Dickinson will invite students back for the spring. Campus buildings are closed and face coverings are required on campus.
Dickinson College has met the challenge set forth in its Climate Action Plan and is on track to reach its goal of being carbon neutral in 2020. To be officially announced in April 2020, Dickinson will become one of just a few carbon-neutral college’s in the nation. In short, all of the activities included in the college’s carbon footprint—such as heating and cooling the campus, use of vehicles and air travel—will add zero net emissions of greenhouse gases to the atmosphere.
“As a college committed to making a positive impact on the wider world, living up to this commitment was of vital importance to the entire Dickinson community,” says Dickinson President Margee Ensign. “This is one of the most pressing issues of the 21st-century, and we can be proud to say that we’ve taken the appropriate steps to ensure that our college is no longer contributing to human-caused climate change.”
There’s an old maxim about being the change you want to see in the world. And Dickinson is living up to those words—and its own promises. The path to carbon neutrality began in 2009, when the college launched its Climate Action Plan. Getting from there to here didn’t just happen. With contributions from faculty and students to staff and campus operations, it was a true group effort.
“We couldn’t be more excited to focus and unify our efforts on the year ahead,” says Lindsey Lyons, assistant director of the Center for Sustainability Education (CSE), noting that the college's carbon path has led to local, national and international partnerships. “We’ve all been doing a lot of great work over many years, but the time has come for all Dickinsonians to be united around this carbon neutrality effort, which is rooted in pride. It's good for the planet and its people and financially responsible for the college.”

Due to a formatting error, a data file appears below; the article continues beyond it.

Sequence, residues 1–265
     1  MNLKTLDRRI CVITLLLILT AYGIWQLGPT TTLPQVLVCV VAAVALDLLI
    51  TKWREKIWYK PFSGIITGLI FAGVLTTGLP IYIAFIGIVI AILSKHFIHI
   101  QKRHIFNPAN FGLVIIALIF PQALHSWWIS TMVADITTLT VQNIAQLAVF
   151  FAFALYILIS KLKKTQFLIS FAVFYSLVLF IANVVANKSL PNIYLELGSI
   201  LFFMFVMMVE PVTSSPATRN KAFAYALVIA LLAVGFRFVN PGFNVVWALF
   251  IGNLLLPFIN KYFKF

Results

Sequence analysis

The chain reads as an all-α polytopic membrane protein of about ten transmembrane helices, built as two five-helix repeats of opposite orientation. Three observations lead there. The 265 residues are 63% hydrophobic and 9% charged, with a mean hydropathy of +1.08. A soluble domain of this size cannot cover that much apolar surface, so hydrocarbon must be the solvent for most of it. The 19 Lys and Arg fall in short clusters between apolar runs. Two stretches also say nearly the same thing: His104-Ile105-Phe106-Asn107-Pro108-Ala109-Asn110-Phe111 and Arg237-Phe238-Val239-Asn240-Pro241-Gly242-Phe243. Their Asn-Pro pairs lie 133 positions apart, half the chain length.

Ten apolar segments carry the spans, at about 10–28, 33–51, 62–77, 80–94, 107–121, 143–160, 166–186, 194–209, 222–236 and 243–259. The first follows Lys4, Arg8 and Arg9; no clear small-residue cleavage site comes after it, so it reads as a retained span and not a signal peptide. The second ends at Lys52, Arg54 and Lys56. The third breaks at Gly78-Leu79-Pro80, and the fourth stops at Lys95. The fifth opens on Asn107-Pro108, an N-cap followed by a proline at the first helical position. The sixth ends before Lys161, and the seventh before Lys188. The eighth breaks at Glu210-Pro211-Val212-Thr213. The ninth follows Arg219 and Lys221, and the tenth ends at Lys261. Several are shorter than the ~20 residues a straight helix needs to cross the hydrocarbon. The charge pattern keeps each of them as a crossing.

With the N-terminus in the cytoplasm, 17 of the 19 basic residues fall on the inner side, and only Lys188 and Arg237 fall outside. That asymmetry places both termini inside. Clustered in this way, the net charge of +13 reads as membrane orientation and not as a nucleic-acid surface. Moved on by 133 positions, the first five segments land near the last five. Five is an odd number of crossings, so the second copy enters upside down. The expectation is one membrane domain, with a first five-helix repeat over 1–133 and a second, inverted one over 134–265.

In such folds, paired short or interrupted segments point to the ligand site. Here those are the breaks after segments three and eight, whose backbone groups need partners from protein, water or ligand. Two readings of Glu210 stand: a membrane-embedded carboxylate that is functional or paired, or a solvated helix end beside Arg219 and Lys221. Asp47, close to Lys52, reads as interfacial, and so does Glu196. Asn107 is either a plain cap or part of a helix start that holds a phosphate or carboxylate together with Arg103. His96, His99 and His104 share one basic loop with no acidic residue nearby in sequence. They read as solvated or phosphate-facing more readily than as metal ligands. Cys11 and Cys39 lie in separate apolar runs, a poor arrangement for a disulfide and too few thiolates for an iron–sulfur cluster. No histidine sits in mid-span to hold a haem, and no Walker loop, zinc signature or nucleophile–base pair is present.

In an effort to engage all Dickinsonians across campus, CSE launched its yearlong Climate Change Needs Behavior Change campaign. The effort focuses on one behavior each month that has been determined by Rare—an international conservation organization whose stated mission is to help communities adopt sustainable behaviors—to have significant climate impact and realistic rates of adoption. Rare’s latest report represents findings about the specific individual actions that can most meaningfully curb carbon emissions and the opportunities that exist to apply behavioral insights to promote their adoption. Dickinson will focus on the following:
The idea of carbon neutrality might be new to some and seem complicated. So CSE has created this resource page and a carbon neutrality Q&A to help people understand just what carbon neutrality means, how we’re achieving it, and why it’s so important to campus and the wider world. Additionally, CSE and its student interns will table, talk and tour their way around campus this year, educating students, faculty and staff about the effort.
To learn more about climate change, carbon neutrality and how you can help going forward, there are plenty of upcoming ways to get involved. Keep an eye on the college calendar for these and other events:
Published September 6, 2019